To say this book has a slow start would be an understatement. The first quarter of the story leisurely meanders along. The reader is in Cal’s head as he reflects on his new life and surroundings in Ireland and what, and more importantly who, he left behind in America. The writing was beautiful, and Cal is an interesting main character, but the slow pace didn’t urge me to keep on reading. On the other hand, it is fair to say the story's pace perfectly matched the pace of the life Cal thought he was settling into.

Everything starts to change and speed up as soon as Cal meets Trey, a thirteen-year-old kid who wants Cal to use his police skills to find out what happened to their older brother who disappeared a few months earlier. Once Cal starts asking questions the story and events pick up speed, but it isn’t until the last third of the book that the tale really explodes off the page and events follow each other at a much faster, at times rather uncomfortable but always fascinating, pace.

So much for the story since I don’t want to spoil it for anyone. I have a few thoughts about what exactly did and didn’t happen in the end. For starters, if you read crime fiction because you love the straightforward endings in which evil gets punished and everybody gets what they deserve, this may not be the book for you. I think it’s safe to say there are no clear-cut good and bad people in this story with the possible exception of Lena, the widow Cal befriends and ends up relying on for assistance. While that may not be ideal for a fictional mystery, it does feel true to life. In fact, true to life could be used to describe a lot of what happened in this book. The way small local communities are inclined to distrust outsiders and, for better or worse, tend to take care of their own, for example, as well as the rural gossip, and the leisurely pace of life. I haven’t decided yet whether or not I believe Cal, the former cop, would behave as he does in this story; his actions should go against everything he was trained to believe in. On the other hand, any other decision on his part might have let to more harm rather than a ‘satisfying’ conclusion so the jury is still out in that respect.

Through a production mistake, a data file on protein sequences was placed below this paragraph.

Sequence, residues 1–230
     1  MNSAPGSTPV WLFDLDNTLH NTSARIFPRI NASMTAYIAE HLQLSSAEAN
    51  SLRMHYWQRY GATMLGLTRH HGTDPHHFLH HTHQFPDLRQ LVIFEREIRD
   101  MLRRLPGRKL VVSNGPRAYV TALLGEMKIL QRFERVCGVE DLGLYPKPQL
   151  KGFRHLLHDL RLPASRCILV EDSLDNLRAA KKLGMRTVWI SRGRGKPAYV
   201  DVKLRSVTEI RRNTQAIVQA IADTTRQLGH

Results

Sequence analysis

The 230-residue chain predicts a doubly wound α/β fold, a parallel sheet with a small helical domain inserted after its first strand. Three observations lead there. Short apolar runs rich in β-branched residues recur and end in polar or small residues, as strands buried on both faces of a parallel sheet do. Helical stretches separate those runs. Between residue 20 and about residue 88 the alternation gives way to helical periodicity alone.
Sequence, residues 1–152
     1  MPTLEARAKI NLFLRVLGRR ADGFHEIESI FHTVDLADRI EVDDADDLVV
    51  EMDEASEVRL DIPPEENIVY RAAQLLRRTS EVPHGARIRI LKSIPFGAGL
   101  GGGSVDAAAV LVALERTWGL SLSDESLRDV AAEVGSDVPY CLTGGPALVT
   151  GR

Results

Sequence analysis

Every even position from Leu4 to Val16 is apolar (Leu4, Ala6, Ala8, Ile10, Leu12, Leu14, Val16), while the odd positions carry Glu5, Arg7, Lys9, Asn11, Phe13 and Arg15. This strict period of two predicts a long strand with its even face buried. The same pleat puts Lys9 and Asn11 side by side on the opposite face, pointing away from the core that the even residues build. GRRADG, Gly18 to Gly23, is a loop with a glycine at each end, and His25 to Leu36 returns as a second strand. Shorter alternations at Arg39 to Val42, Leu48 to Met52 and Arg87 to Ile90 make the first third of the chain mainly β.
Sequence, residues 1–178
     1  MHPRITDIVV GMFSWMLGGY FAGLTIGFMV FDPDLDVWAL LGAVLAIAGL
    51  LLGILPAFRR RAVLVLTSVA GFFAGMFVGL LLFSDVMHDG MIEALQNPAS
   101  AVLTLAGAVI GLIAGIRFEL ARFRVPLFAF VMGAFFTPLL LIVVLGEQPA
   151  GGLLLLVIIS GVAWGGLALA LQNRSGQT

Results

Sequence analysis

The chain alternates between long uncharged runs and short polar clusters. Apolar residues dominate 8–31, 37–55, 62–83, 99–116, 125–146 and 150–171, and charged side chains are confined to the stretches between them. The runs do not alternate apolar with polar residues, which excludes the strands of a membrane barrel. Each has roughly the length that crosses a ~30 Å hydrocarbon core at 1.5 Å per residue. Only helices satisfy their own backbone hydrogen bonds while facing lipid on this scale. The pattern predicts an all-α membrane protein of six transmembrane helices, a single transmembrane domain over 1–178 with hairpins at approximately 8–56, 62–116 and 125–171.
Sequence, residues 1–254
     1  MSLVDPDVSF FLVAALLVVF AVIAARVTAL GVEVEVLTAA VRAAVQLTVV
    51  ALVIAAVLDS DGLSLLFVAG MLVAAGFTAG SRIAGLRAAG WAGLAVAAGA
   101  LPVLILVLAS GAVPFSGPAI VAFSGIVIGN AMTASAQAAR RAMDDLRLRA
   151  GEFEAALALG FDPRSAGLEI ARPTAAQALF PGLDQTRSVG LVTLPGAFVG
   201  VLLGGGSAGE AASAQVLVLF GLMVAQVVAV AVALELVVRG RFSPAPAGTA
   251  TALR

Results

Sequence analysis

In an interview with the All About Agatha podcast (, Tana French revealed that she took tropes from the Western genre and applied them to the west of Ireland, and as far as I’m concerned, she succeeded very well. This story has that ‘loner against the rest of the community’ (the old gunslinger who gets rocked out of retirement for one more mission, to paraphrase Tana French) vibe that we also find in traditional westerns as well as the ‘us against the rest of the world’ sentiments we often encounter in small, close-knit communities.

For a long time while reading this story, I didn’t think I would want to read the sequel. The last quarter of the story changed my mind; I now can’t wait to find out what will happen next to Cal, Trey, and Lena. Bring on March 2024 and The Hunter.


Monday 20 November 2023

Murder in a Country Village by F.L. Everett

An Edie York Mystery #2

318 pages

Publisher: Bookouture

Publishing Date: November 23, 2023



England, 1941. With World War Two shaking the nation, rookie reporter Edie York wants to write the front-page news. But she ends up as the headlines when she stumbles over a body on the moors...

Eager to follow Churchill's order to keep calm and carry on, Edie York has left the bombed-out streets of Manchester behind for a stroll in the countryside. But her rationed picnic lunch turns to ashes in her mouth when she discovers Joyce Reid, a well-known anti-war activist, lifeless at the bottom of a cliff.

Despite infuriatingly handsome DCI Louis Brennan's less-than-amused warnings ringing in her ears, Edie is unable to leave the conscripted local bobby to do his work. Heading off to investigate, she immediately uncovers potential suspects galore. From alleged black-marketeers to the local land girl, a shell-shocked artist to Joyce's on-off lover, Edie is sure the murderer is right under her nose.

Then Edie makes another gruesome discovery, and realises she needs long-suffering Louis on the scene to officially investigate. Can they uncover the killer hiding in plain sight, before it's too late? Or will Edie's own obituary end up featured on the front pages she's coveted for so long...?